Here's a chart describing the RESET primary endpoint, taken from a poster presented at the Endocrine Society (ENDO) meeting in June.

Was the tasimelteon benefit clinically meaningful or relevant at all for getting the drug approved? I don't believe so.

Vanda chose to measure maintenance of entrainment at a fixed and arbitrary point in time, defined in RESET as two months. A non-24 patient was deemed a responder in RESET if he/she maintained entrainment at two months.

Of the 10 patients treated with tasimelteon, 9 maintained entrainment after two months. Ten patients were treated with placebo but only two maintained entrainment for two months. I'll address the issue of only having 20 patients to analyze in what is supposed to a pivotal, phase III study later.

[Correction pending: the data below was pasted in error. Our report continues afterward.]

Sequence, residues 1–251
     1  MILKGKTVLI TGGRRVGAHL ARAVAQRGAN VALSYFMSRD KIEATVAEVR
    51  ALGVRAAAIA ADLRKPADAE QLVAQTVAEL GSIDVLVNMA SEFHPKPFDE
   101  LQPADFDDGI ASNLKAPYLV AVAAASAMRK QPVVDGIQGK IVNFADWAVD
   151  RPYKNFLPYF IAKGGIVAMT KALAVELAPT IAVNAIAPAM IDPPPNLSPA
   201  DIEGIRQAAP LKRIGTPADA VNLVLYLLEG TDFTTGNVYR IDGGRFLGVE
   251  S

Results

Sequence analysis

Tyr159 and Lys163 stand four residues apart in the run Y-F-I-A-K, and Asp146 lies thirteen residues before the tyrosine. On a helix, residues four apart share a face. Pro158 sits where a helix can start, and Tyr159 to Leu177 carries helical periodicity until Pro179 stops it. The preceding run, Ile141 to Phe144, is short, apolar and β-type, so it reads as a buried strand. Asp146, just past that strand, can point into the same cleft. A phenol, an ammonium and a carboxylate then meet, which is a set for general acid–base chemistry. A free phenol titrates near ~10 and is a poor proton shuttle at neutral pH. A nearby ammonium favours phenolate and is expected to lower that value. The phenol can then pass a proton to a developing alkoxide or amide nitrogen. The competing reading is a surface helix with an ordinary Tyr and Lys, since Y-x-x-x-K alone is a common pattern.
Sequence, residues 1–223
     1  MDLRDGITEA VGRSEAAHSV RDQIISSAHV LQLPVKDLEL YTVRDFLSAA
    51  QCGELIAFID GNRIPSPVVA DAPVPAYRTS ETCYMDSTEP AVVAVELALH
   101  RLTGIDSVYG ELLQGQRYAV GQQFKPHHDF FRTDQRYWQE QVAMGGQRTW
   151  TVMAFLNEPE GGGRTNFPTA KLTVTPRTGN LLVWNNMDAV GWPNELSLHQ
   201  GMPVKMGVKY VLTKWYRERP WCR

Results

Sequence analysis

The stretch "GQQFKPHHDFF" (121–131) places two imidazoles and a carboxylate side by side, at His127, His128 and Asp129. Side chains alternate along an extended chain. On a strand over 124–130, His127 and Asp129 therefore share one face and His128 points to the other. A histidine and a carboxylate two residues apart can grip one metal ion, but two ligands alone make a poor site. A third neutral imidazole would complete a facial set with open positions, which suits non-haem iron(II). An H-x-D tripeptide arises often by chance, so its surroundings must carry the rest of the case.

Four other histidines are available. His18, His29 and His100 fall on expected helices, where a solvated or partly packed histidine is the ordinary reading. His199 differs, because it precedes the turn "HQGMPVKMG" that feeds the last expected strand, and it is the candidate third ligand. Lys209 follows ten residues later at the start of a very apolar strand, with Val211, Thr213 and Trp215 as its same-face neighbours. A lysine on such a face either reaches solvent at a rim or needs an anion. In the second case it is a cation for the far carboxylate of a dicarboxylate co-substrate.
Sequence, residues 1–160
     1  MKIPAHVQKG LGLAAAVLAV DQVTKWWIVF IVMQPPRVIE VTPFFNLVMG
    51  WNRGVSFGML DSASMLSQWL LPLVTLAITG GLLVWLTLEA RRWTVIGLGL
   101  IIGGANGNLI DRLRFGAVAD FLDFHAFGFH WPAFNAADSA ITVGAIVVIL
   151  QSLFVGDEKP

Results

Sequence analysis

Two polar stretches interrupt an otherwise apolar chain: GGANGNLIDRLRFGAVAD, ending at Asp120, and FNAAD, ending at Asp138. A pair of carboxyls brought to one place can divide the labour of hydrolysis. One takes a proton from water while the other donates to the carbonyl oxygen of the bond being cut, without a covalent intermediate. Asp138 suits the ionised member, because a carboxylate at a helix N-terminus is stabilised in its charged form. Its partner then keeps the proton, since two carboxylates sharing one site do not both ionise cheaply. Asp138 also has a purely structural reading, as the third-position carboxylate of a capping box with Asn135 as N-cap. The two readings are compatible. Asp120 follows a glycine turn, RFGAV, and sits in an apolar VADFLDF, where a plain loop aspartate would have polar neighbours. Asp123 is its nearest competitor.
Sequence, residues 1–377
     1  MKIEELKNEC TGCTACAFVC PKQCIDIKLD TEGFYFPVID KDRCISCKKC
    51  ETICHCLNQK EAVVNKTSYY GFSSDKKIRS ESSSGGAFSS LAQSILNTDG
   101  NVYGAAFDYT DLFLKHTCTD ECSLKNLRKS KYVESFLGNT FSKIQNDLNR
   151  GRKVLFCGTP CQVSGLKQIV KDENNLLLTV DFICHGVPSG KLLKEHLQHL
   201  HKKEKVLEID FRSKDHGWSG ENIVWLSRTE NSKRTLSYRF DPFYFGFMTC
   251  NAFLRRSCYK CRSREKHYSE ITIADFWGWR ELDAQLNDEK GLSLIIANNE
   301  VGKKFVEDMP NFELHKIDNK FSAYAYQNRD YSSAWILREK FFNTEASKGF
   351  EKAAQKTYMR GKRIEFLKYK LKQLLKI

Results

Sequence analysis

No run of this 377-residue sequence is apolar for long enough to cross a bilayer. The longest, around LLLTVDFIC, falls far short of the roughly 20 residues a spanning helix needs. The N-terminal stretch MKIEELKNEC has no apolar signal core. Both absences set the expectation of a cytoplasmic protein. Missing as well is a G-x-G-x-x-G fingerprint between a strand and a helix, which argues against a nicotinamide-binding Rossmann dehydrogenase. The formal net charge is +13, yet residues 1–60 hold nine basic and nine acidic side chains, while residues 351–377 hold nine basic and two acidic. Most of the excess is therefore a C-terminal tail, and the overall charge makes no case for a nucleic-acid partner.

Why is this claimed success irrelevant? Because it doesn't matter if non-24 patients maintain entrainment for two months if they continue to suffer from sleep problems.

That's exactly what happened to patients in the RESET study.

Here's another, more important chart taken from the RESET poster. This tracks time to relapse in a Kaplan-Meier Curve.

The dotted line represents non-24 patients treated with tasimelteon. Each step down is a patient who relapses, defined as a 45-minute decrease in daily average nighttime sleep over a period of a week. Vanda created this definition of relapse.

Four of the 10 tasimelteon treated patients relapsed before Day 50. A 40 percent relapse rate despite a 90 percent maintenance of entrainment through Day 60, according to Vanda.